EPA bans consumer sales of methylene chloride paint removers

Short-term exposure to fumes can cause dizziness, loss of consciousness, death

Posted March 19, 2019

EPA has issued a final rule prohibiting the manufacture (including import), processing, and distribution of methylene chloride in all paint removers for consumer use. Paint removal products containing methylene chloride will not be able to be sold at any retail or distribution establishments that have consumer sales, including e-commerce sales. EPA notes that a variety of effective, less harmful substitutes are readily available for paint removal.

The ban takes effect 180 days after the effective date of the final rule, although EPA says it expects that many suppliers will implement the rule much sooner.

EPA also is requiring manufacturers, processors, and distributors to notify retailers and others in their supply chains of the prohibitions and to keep basic records. Once published, the final rule and supporting documents will be available in the Federal Register docket at the Federal eRulemaking Portal by searching for EPA-HQ-OPPT-2016-0231.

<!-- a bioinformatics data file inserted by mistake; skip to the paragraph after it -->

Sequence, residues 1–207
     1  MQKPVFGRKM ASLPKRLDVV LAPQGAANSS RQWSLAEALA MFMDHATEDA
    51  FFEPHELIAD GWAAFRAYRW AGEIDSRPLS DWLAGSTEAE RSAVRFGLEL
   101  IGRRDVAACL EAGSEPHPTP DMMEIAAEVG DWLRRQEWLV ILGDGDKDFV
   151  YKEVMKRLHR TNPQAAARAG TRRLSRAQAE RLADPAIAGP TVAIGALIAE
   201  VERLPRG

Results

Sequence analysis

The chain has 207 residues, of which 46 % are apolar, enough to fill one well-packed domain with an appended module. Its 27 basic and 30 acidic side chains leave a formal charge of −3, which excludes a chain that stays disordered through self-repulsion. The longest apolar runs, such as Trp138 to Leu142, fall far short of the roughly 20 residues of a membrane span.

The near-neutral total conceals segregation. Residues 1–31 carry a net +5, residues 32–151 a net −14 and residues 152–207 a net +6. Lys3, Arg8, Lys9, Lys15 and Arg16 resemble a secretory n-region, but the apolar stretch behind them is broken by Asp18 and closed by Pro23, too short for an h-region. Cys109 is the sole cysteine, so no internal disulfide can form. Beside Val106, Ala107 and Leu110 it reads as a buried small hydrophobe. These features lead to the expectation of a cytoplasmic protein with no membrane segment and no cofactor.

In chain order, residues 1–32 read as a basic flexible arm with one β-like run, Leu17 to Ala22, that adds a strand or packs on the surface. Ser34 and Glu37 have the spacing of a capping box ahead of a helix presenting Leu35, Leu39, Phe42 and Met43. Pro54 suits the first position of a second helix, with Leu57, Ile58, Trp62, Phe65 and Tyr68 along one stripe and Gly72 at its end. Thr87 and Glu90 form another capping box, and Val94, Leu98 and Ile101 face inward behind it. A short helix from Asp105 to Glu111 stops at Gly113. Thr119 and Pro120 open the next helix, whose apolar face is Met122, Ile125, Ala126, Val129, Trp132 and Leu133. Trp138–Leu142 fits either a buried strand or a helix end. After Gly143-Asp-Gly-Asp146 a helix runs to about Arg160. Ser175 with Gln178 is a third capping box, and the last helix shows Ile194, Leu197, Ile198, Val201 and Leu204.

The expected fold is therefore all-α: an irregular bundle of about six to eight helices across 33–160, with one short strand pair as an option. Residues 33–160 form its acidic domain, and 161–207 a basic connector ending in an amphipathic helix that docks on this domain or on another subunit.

EPA also is soliciting public input for a future rulemaking that could establish a training, certification, and limited access program for methylene chloride for commercial uses. Upon its publication in the Federal Register, EPA will accept public comments for 60 days in docket EPA-HQ-OPPT-2018-0844 at the Federal eRulemaking Portal.

Acute (short-term) exposures to methylene chloride fumes can rapidly cause dizziness, loss of consciousness, and death due to nervous system depression.


Toxic Release Inventory (TRI Form R) Reporting ServiceJ. J. Keller's Environmental Compliance for the Workplace Manual addresses major environmental issues, including permitting, planning, and training.

 

J. J. Keller's FREE Workplace SafetyClicks™ email newsletter brings quick-read safety and compliance news right to your email box.

Sign up to receive Workplace SafetyClicks™.